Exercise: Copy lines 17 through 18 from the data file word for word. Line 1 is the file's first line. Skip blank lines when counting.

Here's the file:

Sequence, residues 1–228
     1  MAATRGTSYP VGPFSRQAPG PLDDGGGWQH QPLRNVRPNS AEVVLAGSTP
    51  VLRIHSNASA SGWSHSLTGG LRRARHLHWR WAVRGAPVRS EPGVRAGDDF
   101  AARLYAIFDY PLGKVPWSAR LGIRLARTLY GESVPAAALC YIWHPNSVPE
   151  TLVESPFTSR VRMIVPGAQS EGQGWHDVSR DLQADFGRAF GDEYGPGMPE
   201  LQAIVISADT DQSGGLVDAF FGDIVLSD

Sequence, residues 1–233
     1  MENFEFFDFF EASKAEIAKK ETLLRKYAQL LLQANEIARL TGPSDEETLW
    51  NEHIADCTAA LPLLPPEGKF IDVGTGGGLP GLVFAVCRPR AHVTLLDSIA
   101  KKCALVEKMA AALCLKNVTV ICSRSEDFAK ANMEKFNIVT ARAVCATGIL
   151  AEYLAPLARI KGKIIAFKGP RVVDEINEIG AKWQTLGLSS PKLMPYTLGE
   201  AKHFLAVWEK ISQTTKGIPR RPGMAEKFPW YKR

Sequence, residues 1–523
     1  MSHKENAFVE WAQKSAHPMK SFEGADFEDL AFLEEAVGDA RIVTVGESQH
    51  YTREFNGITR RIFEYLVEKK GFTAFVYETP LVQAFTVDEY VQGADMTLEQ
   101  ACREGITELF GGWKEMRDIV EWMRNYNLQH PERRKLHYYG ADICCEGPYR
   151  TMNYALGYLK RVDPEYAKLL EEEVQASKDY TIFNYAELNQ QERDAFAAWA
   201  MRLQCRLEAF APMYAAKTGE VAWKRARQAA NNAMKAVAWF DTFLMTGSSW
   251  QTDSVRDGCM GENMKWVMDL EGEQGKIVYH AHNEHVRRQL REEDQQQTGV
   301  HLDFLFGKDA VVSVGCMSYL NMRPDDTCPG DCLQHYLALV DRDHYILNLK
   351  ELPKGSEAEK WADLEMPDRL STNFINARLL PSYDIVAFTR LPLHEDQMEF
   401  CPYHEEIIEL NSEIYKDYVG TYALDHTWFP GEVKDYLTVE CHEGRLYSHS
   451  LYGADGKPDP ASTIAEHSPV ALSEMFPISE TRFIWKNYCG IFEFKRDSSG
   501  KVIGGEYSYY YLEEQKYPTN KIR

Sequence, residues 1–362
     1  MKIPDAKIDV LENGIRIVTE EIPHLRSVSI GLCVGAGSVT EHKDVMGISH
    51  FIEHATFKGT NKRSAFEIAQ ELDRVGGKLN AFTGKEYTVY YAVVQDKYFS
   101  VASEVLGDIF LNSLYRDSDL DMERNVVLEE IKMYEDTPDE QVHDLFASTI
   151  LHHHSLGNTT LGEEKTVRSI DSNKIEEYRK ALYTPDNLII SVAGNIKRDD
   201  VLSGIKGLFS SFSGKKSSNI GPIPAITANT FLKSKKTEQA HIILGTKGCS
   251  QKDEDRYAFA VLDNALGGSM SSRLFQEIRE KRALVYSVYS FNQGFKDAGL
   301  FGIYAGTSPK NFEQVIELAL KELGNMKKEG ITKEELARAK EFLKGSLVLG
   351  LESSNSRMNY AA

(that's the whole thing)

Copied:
   151  TMNYALGYLK RVDPEYAKLL EEEVQASKDY TIFNYAELNQ QERDAFAAWA
   201  MRLQCRLEAF APMYAAKTGE VAWKRARQAA NNAMKAVAWF DTFLMTGSSW